Concert Review: Dirty Heads and Sublime with Rome at Abacoa Amphitheater

Southern California reggae rockers Dirty Heads and Sublime with Rome brought the High and Mighty tour to South Florida with a brief stop on Sunday (July 25), performing before a jam-packed crowd at Abacoa Amphitheater in Jupiter.

After nearly a year and a half without live music, the pandemic-weary crowd filled nearly every spot of the moderate-sized amphitheater. Tired of isolation and remote work, fans of Dirty Heads and Sublime with Rome showed up in droves on a steamy humid South Florida evening for a night of feel-good music. where a contact high was freely available for those who wished to indulge. Tickets for the concert sold out weeks in advance; for those lucky enough to score a ticket, it was an opportunity to catch both bands in a more intimate gathering, something fans rarely get to do, as both bands usually play much larger venues. There was energy, plenty of it as fans came to support both bands who have continued to build a solid following with their rhyming reggae-fueled tunes. It was a relaxed vibe similar to a hanging out at a keg party with thousands of your closest friends, keeping everyone on their feet as they sang along word-for-word to all the songs. On this tour, both bands have been alternating the headline spot. This time, Dirty Heads was the closer, but that didn’t mean Sublime With Rome didn’t give fans of the longtime Southern California band what they came for. They sounded superb digging into their catalog of fan-favorite tunes. Sublime with Rome frontman Rome Ramirez sounded great, the band as a whole was tight, and the music superb. However, it was Eric Wilson, the lone remaining member of original band Sublime, who seemed tepid, lacking spirit during his performance; perhaps he’s put in too many years on the road. After an hour and 45 minutes, they closed out their set with two of Sublime’s signature songs, “What I Got” and “Santaria.” Wilson seemed to phone it in.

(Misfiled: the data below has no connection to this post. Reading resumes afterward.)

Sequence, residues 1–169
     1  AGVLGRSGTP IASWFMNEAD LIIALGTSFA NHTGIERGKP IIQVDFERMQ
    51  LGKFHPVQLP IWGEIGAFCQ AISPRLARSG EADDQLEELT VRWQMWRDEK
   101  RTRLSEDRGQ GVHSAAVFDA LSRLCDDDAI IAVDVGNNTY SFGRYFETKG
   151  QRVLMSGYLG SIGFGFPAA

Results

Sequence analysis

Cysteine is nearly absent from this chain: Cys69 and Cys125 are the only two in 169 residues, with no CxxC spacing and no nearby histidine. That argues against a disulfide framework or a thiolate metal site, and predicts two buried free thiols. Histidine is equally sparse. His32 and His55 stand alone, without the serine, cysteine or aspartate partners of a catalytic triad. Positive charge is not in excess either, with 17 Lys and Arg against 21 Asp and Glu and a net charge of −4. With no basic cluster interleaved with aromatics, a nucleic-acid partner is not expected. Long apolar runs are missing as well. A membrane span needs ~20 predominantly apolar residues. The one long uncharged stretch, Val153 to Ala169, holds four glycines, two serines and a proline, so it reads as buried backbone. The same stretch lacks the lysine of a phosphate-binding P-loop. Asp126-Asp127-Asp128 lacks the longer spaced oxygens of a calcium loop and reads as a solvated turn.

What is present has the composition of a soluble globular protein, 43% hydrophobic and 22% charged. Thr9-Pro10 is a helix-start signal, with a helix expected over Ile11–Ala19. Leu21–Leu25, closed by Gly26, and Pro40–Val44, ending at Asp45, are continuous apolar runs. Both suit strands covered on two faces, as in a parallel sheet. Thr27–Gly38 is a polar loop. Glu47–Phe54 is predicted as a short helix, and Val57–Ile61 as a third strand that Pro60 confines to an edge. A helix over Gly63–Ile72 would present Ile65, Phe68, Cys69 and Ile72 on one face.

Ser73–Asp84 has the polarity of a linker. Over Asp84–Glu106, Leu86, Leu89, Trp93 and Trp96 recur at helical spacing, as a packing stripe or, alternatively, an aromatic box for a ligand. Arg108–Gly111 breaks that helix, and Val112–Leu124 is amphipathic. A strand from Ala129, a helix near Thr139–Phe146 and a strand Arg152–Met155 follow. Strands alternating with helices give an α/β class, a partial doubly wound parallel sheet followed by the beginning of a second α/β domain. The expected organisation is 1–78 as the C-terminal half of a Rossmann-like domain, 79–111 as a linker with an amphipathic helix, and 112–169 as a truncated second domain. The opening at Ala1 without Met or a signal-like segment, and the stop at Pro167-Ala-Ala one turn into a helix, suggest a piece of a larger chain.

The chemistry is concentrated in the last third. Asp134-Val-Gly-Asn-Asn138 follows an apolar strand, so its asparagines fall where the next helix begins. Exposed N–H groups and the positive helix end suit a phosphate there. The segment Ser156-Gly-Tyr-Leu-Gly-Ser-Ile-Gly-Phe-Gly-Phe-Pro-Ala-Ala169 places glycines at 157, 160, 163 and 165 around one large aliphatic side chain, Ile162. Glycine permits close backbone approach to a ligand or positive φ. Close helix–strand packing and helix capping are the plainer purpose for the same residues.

Dirty Heads provided great entertainment, a laid-back reggae groove complete with rhyming references to ganja and booze.  One of the highlights of the night was when Rome joined Dirty Heads on stage for “Lay Me Down,” a song they recorded in 2008 with Rome Ramirez. This was a party where the night was about letting loose in a tropical singalong atmosphere to the band’s catchy tunes that kept the mellow crowd moving side to side for the entire set of both bands. Dirty Heads wasted no time and played fan favorites  “Oxygen,” “Believe,” and “Sweet Summer” among others from their catalog.

The night wasn’t perfect; there were some technical problems with feedback that required Dustin “Duddy B” Bushnell’s mic to be lowered to the point where the crowd could hardly hear him. The crowd wasn’t happy; they reacted and let the band know. The lighting could have been better; most of the night the bands were in near darkness under blue and red lights that created a silhouette effect that limited what the audience could see and experience. Despite the bevy of technical snafus, the music is what saved the night. It was what we all needed after the pandemic kept music lovers from attending concerts. Dirty Heads remains a fun band to see, hear, and experience live.

Jared “Dirty J” Watson of Dirty Heads. Photo: Rick Munroe for MFN.

Opening the night was Hirie, the seven-member band that brought plenty of irie vibes. Hirie is a San Diego-based, Phillipine-born lead vocalist who delivered a memorable high-energy show that got fans moving and grooving to her every move.

Eric Wilson of Sublime with Rome. Photo: Rick Munroe for MFN
Rome Ramirez of Sublime with Rome. Photo: Rick Munroe for MFN
Dustin “Duddy” Bushnell of Dirty Heads. Photo: Rick Munroe for MFN.
Jared “Dirty J” Watson of Dirty Heads. Photo: Rick Munroe for MFN.
Jared “Dirty J” Watson of Dirty Heads. Photo: Rick Munroe for MFN.
Hirie. Photo: Rick Munroe for MFN.


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